Being on away rotations, I haven’t been up to my usual menu planning and weeknight meal routine. Between applications, scheduling interviews, and overall crazy hours, I haven’t missed it too much, but I’m not sure I can say the same for John (who has been eating chez chef Boyardee). But to make up for it, I was able to rationalize this fancy weekend meal. (It also didn’t hurt that Mom was buying :-)). After apple picking, running and hiking in the park, this chowder was the perfect end to a fall themed day. It is really one for the record books. It will make you feel like you on dining on the set of barefoot contessa and it would be the perfect fall meal for company, or if you just feel like indulging yourself.
This was my first time ever cooking with lobster, and I don’t pretend to know much about it. I did learn that it is very easy to overcook it, and for such an expensive meat, that is really something you don’t want to do. So err on the side of undercooked, because it will inevitably cook a bit more once you add it to the stew. Also, while this soup still tasted wonderful the next day, I did notice that there was a bit of color separation, which didn’t make for the most gorgeous photograph. If you want to see what it looked like the first night, check out this blog. Despite the work, and the amount of cream (once in a while..) this is definitely something I will be making again. In fact, it almost makes me wish I actually lived in New England, which is saying a lot for a girl who hates the cold :-).
Lobster Corn Chowder
- 3 (1 1/2lb) cooked lobsters
- 3 ears of corn
For the stock:
- 4 tablespoons unsalted butter
- 1 cup chopped yellow onion
- 1/4 cup sherry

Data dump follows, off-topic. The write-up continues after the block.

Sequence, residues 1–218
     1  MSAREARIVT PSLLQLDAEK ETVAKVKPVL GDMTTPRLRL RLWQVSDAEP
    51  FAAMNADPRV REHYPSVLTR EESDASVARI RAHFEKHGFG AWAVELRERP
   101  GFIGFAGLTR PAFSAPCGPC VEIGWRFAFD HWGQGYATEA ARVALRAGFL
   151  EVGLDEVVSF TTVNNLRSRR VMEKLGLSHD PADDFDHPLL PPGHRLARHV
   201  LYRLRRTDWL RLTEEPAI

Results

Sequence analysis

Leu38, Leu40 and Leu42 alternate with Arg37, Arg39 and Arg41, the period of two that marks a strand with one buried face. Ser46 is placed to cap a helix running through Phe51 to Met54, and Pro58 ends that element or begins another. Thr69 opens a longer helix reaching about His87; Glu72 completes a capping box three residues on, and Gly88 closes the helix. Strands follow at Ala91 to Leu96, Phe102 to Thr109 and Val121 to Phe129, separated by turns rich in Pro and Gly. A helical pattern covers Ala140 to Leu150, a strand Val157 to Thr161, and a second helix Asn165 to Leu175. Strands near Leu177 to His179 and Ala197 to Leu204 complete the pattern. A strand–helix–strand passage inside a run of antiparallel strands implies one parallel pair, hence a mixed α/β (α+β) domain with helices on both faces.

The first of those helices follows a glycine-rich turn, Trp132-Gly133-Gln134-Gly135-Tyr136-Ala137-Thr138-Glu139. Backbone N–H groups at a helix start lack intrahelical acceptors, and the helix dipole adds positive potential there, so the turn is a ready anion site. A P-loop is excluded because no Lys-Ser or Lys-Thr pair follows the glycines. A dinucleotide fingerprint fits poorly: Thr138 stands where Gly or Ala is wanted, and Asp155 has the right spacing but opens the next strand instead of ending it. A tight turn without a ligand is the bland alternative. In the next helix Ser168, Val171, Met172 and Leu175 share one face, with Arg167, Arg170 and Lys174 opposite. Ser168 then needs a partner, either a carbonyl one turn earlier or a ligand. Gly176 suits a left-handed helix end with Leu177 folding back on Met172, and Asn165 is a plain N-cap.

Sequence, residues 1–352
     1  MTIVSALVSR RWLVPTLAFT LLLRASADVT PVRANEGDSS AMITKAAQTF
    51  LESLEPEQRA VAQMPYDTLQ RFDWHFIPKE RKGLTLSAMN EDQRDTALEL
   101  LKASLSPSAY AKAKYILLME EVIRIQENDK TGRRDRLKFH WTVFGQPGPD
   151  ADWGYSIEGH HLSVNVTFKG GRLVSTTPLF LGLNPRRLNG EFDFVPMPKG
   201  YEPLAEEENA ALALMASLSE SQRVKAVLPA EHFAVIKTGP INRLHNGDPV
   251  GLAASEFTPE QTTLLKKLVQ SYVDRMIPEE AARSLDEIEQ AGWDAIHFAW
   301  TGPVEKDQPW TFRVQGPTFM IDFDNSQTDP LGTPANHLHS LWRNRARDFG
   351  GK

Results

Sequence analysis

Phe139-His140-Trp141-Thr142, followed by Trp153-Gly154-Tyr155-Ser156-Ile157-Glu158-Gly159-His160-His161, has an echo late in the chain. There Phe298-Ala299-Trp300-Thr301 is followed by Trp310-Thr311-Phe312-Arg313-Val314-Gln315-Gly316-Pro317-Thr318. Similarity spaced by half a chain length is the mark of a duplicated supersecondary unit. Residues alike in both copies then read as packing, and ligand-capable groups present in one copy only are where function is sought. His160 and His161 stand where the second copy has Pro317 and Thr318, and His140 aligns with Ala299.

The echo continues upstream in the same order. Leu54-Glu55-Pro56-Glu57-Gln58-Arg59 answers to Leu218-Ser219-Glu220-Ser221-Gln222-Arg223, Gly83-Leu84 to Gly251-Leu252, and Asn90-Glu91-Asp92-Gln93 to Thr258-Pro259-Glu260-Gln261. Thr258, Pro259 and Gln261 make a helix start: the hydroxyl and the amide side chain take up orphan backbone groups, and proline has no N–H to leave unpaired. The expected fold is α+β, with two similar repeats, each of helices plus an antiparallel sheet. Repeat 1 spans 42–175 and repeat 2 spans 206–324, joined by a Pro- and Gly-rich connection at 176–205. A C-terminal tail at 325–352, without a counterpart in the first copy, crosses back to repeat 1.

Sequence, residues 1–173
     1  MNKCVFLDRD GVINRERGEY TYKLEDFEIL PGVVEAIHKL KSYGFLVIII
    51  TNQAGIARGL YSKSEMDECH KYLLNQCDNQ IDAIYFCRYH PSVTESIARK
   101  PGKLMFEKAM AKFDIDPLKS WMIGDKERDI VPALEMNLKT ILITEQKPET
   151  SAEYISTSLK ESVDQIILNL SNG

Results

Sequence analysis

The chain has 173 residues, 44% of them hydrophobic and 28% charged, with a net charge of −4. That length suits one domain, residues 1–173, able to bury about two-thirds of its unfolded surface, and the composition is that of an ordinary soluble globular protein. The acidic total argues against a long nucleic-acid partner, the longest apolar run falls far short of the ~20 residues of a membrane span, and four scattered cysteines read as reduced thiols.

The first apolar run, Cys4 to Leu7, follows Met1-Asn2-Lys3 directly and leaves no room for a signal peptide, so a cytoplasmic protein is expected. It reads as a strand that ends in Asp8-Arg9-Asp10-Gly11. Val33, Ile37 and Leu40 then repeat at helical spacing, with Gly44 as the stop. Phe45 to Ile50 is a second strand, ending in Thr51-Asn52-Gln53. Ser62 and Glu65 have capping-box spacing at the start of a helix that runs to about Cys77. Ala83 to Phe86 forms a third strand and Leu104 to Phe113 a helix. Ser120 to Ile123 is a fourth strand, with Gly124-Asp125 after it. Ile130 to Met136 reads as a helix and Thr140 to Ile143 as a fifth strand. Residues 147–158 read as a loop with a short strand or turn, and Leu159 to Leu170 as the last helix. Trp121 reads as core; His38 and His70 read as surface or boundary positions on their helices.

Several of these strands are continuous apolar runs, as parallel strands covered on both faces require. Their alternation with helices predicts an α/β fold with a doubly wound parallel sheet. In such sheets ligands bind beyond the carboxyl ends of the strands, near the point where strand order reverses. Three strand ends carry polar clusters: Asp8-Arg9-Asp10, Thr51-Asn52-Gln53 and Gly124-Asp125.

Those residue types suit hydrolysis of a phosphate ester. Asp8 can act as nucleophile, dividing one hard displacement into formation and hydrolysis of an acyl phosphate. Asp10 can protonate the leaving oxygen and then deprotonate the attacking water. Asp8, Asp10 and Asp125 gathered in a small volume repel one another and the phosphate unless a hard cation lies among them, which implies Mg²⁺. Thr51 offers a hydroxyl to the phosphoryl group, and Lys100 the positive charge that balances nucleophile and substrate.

- 1 teaspoon paprika
- 4 cups milk (skim works fine)
- 2 cups heavy (whipping) cream
- 1 cup dry white wine
For the soup:
- 1 tablespoon good olive oil
- 1/4 pound bacon, large-diced
- 2 cups large-diced unpeeled Yukon gold potatoes (2 medium)
- 1 1/2 cups chopped yellow onions (2 onions)
- 2 cups diced celery (3 to 4 stalks)
- 1 tablespoon kosher salt
- 1 teaspoon freshly ground black pepper
- 2 teaspoons chopped fresh chives
- 1/4 cup sherry
- Remove the meat from the shells of the lobsters. Cut the meat into large cubes and place them in a bowl. Cover with plastic wrap and refrigerate. Reserve the shells and all the juices that collect. Cut the corn kernels from the cobs and set aside, reserving the cobs separately.
- For the stock, melt the butter in a stockpot or Dutch oven large enough to hold all the lobster shells and corncobs. Add the onion and cook over medium-low heat for 7 minutes, until translucent but not browned, stirring occasionally. Add the sherry and paprika and cook for 1 minute. Add the milk, cream, wine, lobster shells and their juices, and corn cobs and bring to a simmer. Partially cover the pot and simmer the stock over the lowest heat for 30 minutes.
- Meanwhile, in another stockpot or Dutch oven, heat the oil and cook the bacon for 4 to 5 minutes over medium-low heat, until browned and crisp. Remove with a slotted spoon and reserve. Add the potatoes, onions, celery, corn kernels, salt, and pepper to the same pot and saute for 5 minutes. When the stock is ready, remove the largest pieces of lobster shell and the corn cobs with tongs and discard. Place a strainer over the soup pot and carefully pour the stock into the pot with the potatoes and corn. Simmer over low heat for 15 minutes, until the potatoes are tender. Add the cooked lobster, the chives and the sherry and season to taste. Heat gently and serve hot with a garnish of crisp bacon